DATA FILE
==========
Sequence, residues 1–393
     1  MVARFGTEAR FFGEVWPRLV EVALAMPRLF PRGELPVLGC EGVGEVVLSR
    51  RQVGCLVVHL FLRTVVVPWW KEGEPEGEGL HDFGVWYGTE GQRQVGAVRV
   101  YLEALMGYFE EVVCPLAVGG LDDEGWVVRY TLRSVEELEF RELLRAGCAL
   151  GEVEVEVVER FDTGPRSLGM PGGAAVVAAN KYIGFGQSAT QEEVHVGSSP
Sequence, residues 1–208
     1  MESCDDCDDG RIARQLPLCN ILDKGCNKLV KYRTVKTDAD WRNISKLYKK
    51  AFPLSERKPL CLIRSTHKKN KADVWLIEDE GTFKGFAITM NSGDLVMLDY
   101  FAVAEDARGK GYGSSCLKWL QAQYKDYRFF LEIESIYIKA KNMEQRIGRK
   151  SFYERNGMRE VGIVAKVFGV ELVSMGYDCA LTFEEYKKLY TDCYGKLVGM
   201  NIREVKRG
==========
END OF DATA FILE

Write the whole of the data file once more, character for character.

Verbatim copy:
Sequence, residues 1–393
     1  MVARFGTEAR FFGEVWPRLV EVALAMPRLF PRGELPVLGC EGVGEVVLSR
    51  RQVGCLVVHL FLRTVVVPWW KEGEPEGEGL HDFGVWYGTE GQRQVGAVRV
   101  YLEALMGYFE EVVCPLAVGG LDDEGWVVRY TLRSVEELEF RELLRAGCAL
   151  GEVEVEVVER FDTGPRSLGM PGGAAVVAAN KYIGFGQSAT QEEVHVGSSP
Sequence, residues 1–208
     1  MESCDDCDDG RIARQLPLCN ILDKGCNKLV KYRTVKTDAD WRNISKLYKK
    51  AFPLSERKPL CLIRSTHKKN KADVWLIEDE GTFKGFAITM NSGDLVMLDY
   101  FAVAEDARGK GYGSSCLKWL QAQYKDYRFF LEIESIYIKA KNMEQRIGRK
   151  SFYERNGMRE VGIVAKVFGV ELVSMGYDCA LTFEEYKKLY TDCYGKLVGM
   201  NIREVKRG